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The Evolving Demand for Retail Space

May 2018
Demand Drivers Are Shifting the Industrial Development Pipeline
By Graham Hildebrand

The National Trend: New Industrial Product is Being Shaped by E-Commerce

A robust national economy over the past 24 to 36 months has generated additional demand for goods and more consumer spending in the United States. This spending, however, has accelerated a shift away from many mid-level, traditional, brick-and-mortar retailers, even as some luxury and discount chains continue to thrive. As one estimate suggests that nearly two-thirds of all American households now have Amazon Prime – stunning market penetration for any single service – the distribution segment of the industrial market is experiencing a rapid rise in demand for space. E-commerce and evolving consumer buying habits are shaping developers’ priorities for the location, type, and size of new industrial construction. They are responding to a market that has generated an average of more than 60 million square feet of quarterly demand since the start of 2014, and has a national vacancy rate of just 5.3 percent.

A shift toward fulfillment centers that support e-commerce hinges on logistics for many developers. A key differentiator between an in-store distribution center (i.e., sending goods to a Home Depot or Sears) and e-commerce fulfillment (sending goods to a single household) is location. Since a distribution center focuses on stores, a rural location – where land is cheap and space is plentiful – is appropriate. For direct-to-consumer fulfillment, however, the facility’s location is typically near a major metro area to support last-mile delivery. Additionally, the type and style of many new industrial developments revolve around e-commerce. Since e-commerce fulfillment centers require more workers and greater automation compared with traditional industrial product, developers have begun to focus on building design components such as slab depth, clear heights, power load, and bay depth. Another trend that is influencing industrial space demands throughout the United States is the combining of facilities. The trend of a combined distribution and fulfillment center (DC/FC) allows a company to aggregate its inventory and become more efficient as a result. As e-commerce firms focus on a customer’s buying patterns, this efficiency in facility design/use is crucial to achieving a strong return on occupancy costs.

Featured Market: Dallas/Fort Worth’s Rapid Expansion of Industrial Inventory

The Dallas/Fort Worth industrial market is one of the strongest in the nation. With three consecutive years of net absorption (occupancy growth) greater than 20 million square feet, it is clear that tenants view the DFW area as a key part of their supply chain and logistics strategies. Developers are responding, with more than 30 million square feet of industrial space delivered to the market last year. Keys to continued strength for the Metroplex’s market are its central location and its available land for development, as well as its educated labor force and reliable power grids. These characteristics will allow the DFW industrial market to continue to evolve and meet the needs of occupiers.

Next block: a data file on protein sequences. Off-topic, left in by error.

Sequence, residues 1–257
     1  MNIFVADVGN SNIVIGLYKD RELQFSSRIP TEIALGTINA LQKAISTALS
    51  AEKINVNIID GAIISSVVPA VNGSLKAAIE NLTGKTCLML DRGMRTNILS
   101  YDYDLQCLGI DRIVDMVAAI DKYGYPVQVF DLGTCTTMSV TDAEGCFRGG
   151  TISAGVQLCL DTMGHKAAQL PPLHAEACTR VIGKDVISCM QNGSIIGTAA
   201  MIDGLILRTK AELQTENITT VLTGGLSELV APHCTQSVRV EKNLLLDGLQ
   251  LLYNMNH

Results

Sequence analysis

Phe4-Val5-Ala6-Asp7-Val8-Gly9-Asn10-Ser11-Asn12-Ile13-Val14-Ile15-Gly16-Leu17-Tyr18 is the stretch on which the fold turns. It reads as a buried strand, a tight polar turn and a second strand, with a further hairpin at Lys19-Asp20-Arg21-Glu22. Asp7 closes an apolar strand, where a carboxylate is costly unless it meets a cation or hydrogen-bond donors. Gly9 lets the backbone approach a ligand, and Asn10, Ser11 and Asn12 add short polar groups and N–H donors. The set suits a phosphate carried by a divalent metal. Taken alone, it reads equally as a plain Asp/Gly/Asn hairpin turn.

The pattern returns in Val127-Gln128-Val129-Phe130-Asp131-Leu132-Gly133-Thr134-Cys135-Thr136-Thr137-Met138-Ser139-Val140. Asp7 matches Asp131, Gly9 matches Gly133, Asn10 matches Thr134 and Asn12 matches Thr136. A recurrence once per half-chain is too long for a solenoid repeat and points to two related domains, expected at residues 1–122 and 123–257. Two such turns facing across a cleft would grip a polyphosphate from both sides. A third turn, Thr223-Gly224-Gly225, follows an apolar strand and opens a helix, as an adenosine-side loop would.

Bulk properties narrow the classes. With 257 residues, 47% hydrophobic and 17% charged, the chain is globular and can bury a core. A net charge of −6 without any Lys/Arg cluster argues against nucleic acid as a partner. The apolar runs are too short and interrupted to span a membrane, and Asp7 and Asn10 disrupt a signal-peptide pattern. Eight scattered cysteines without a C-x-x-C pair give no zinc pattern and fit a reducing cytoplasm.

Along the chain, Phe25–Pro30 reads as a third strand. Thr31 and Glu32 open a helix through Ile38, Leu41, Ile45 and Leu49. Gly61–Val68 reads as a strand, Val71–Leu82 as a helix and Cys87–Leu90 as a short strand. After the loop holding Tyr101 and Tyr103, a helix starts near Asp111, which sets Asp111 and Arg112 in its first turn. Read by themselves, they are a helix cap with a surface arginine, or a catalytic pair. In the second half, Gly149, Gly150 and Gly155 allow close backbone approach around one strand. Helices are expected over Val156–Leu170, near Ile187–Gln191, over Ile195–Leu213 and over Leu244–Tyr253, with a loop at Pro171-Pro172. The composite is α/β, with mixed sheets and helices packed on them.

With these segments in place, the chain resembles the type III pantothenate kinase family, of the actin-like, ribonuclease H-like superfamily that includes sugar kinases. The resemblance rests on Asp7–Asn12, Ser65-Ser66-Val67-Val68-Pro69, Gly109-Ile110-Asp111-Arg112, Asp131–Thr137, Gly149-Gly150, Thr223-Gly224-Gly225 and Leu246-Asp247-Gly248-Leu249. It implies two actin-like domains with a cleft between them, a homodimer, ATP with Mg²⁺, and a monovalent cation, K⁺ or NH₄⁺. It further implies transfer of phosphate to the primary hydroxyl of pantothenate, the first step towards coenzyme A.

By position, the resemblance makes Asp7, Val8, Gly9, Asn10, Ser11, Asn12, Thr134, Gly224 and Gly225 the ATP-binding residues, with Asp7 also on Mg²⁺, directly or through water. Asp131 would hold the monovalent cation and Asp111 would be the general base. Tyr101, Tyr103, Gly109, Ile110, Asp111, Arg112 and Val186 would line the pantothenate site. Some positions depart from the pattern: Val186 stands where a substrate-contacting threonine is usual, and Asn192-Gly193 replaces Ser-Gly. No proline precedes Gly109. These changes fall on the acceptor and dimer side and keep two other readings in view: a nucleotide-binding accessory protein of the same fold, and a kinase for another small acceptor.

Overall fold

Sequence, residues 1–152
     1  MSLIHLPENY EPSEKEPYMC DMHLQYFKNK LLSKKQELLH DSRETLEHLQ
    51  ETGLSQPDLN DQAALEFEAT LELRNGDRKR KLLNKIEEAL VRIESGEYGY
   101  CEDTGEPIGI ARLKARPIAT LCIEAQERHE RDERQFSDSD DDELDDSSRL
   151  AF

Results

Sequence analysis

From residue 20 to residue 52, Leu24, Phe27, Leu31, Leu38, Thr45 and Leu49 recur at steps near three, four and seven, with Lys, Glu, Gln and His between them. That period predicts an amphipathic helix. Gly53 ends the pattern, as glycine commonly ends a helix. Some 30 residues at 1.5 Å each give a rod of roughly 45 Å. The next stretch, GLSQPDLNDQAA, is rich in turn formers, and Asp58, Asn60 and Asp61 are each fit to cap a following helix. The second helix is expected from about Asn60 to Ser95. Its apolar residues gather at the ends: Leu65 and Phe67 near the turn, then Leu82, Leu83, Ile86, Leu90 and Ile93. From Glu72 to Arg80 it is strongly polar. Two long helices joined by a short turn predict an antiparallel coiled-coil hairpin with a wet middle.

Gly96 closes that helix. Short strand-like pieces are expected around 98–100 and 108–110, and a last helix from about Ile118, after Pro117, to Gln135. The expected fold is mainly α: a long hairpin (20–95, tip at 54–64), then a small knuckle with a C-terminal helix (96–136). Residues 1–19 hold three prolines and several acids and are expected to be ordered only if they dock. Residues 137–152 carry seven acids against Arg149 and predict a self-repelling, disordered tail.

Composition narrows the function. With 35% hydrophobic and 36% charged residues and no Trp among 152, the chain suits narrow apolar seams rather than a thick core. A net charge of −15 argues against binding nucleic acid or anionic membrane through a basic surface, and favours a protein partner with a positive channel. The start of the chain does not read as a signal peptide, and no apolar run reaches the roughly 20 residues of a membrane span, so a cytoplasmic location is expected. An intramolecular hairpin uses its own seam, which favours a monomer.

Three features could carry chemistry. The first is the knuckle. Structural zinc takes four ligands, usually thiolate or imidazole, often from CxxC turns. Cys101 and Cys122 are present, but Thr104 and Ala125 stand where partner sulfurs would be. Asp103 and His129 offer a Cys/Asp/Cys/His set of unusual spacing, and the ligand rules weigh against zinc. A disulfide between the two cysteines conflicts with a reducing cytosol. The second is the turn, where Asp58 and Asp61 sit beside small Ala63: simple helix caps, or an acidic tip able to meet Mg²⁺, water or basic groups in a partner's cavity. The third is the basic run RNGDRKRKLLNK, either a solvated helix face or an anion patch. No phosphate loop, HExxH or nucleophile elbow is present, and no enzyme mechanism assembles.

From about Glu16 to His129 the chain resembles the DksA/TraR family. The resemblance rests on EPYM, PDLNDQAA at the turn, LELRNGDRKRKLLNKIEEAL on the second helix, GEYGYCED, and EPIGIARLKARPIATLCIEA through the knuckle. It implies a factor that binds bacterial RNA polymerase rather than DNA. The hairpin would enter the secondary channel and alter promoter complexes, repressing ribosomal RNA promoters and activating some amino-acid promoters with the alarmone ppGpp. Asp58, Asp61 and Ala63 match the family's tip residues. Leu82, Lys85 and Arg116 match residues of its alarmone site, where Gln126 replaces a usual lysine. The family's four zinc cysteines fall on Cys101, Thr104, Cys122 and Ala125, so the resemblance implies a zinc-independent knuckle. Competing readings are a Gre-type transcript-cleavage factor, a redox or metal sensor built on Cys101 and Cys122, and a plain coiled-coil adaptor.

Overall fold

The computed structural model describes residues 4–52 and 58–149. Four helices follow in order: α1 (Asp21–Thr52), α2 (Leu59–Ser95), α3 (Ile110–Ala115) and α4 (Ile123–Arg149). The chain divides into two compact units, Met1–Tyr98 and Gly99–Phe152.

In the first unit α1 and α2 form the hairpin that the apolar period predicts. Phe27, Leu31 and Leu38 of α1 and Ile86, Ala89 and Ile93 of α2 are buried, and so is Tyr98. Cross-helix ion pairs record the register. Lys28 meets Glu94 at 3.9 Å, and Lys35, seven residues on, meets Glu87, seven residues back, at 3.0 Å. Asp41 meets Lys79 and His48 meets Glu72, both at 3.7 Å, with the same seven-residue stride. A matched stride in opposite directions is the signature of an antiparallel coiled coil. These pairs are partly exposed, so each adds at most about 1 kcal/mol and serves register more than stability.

More specifically, the way in which e-commerce is a demand driver for industrial space is apparent throughout the subsets of the DFW industrial market. Recent large lease transactions in the furniture e-commerce arena, including Nebraska Furniture Mart’s 1.9 million-square foot combined retail store/distribution center near the Sam Rayburn Tollway and Plano Parkway, reflect a market that continuously adapts to new opportunities. Additionally, 2017 brought large e-commerce-related leasing activity near Alliance and DFW International Airport by UPS. Wayfair leased nearly 900,000 square feet near I-35 and Wintergreen, and Amazon continued to expand its footprint within the DFW market by leasing more than five million square feet of space at six DC/FC properties.

What Are the Implications for Our Clients?

The shift in industrial demand toward distribution and fulfillment centers to support online retailers presents a unique opportunity for both tenants and investor/developers. Developers can benefit by the creation of thoughtful and well-located speculative projects because companies are notoriously underestimating the amount of space they will need for e-commerce activities – the market is growing at approximately 10 percent per year, as shown in the adjacent graph.


Source: Statista, Bureau of Economic Analysis, NKF Research; May 2018

Tenants with e-commerce-based industrial needs may wish to focus their search for space on modern warehouses that have higher parking ratios, higher clear heights, and greater power loads. Older industrial product sometimes can be modernized to service today’s distribution and fulfillment processes, but tenants should be proactive in seeking space that is flexible enough to accommodate further expansion of their activities, given the rate of overall growth in this sector.


About the author: Graham Hildebrand is Director of Research for Newmark Knight Frank’s Texas markets.

For more information: Alexander (Sandy) Paul, Senior Managing Director of National Research, APaul@ngkf.com